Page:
Illinois courts have routinely stricken restrictive covenants that did not advance the legitimate business interests of the Employer, and in this regard the 2007 decision in Cambridge Engineering, Inc. v. Mercury Partners 90 BI, Inc. is instructive. In that case the Court held that “[r]estrictions on activities ‘should be narrowly tailored to protect only against activities that threaten the employer’s interest.’ ” (quoting Lawrence & Allen, Inc. v. Cambridge Human Resource Group, Inc.). A restrictive covenant is not valid if it is broader than necessary to protect the employer’s legitimate business interests. Id. Restrictions on competing will be narrowly construed to protect against only the activities that threaten the Employer’s interests, and will be balanced against the hardship to the Employee. Id.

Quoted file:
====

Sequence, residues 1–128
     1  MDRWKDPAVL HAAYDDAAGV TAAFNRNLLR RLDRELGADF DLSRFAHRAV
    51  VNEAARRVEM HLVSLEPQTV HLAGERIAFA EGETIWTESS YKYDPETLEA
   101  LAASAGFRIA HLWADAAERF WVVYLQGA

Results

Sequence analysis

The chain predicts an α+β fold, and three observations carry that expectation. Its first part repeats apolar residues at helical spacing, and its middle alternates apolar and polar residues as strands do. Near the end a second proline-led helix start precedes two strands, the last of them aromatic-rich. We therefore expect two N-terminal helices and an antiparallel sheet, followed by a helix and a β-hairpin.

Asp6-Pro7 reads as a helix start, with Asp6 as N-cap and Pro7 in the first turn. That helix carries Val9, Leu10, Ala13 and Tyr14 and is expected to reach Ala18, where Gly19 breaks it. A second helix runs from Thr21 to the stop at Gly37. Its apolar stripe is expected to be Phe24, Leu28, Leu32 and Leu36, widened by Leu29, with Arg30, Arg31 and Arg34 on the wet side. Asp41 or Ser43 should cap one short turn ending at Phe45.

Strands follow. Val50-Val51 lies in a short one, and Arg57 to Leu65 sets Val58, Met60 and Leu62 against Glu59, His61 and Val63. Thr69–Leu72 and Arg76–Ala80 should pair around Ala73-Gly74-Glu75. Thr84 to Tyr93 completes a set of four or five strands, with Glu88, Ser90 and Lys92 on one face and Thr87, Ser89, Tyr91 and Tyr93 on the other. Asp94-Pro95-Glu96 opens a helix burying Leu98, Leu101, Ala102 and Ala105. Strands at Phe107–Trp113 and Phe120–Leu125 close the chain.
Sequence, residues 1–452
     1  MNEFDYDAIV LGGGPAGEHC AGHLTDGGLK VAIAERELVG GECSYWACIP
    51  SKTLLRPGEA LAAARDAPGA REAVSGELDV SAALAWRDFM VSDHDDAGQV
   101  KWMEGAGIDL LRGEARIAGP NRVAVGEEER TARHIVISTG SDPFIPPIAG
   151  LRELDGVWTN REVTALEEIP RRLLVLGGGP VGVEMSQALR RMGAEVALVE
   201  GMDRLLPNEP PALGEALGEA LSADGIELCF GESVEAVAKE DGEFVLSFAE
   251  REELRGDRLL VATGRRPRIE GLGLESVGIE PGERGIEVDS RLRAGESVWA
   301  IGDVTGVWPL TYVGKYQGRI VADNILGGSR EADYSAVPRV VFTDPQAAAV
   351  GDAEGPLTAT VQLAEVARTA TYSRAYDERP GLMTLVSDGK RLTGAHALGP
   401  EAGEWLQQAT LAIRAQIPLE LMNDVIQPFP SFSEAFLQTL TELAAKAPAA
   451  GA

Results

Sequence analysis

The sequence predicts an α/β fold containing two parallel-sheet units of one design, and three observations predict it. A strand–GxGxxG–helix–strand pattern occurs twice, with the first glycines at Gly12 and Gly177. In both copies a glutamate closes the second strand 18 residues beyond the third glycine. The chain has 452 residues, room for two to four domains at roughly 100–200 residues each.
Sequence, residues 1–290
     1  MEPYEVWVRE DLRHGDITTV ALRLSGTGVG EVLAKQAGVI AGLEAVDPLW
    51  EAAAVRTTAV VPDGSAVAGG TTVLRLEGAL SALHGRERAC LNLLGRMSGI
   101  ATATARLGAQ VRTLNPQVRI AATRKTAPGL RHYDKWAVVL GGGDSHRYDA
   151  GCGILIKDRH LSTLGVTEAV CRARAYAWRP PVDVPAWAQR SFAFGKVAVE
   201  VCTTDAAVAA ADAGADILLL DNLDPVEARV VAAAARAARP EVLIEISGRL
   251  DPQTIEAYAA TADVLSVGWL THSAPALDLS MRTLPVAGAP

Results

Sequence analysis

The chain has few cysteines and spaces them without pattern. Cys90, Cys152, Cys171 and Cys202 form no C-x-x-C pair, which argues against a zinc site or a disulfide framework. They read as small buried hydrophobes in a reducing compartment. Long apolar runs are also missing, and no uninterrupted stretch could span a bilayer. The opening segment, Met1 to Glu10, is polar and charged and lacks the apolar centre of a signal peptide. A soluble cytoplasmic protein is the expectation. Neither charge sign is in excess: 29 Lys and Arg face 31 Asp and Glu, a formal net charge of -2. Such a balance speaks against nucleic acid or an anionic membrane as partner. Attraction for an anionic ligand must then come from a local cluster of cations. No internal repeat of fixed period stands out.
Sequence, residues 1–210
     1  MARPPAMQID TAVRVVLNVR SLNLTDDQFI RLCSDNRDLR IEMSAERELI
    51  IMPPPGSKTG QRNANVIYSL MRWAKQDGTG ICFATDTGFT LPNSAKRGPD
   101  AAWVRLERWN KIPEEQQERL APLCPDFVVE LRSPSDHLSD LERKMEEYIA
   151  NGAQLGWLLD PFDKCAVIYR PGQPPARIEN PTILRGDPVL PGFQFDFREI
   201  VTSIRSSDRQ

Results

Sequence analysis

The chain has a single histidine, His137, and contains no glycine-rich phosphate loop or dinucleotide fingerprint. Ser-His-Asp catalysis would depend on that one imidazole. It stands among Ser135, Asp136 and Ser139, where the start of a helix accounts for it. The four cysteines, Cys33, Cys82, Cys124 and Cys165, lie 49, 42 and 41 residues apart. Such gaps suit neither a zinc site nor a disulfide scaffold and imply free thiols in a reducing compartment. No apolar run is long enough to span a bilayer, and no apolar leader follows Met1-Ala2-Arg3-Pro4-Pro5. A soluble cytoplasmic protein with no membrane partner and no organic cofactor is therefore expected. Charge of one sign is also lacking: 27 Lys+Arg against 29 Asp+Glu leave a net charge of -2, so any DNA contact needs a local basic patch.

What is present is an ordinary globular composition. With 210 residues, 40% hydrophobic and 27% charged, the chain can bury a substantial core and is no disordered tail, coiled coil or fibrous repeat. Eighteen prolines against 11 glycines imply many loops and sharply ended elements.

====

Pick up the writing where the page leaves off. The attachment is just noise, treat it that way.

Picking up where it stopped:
Likewise, a non-solicitation clause is only valid if “reasonably related to the employer’s interest in protecting customer relations that its employees developed while working for the employer... As a result, courts are reluctant to enforce provisions that prohibit former employees from servicing customers that they never had contact with while working for their original employer.” (quoting Lawrence & Allen).Confidentiality Clauses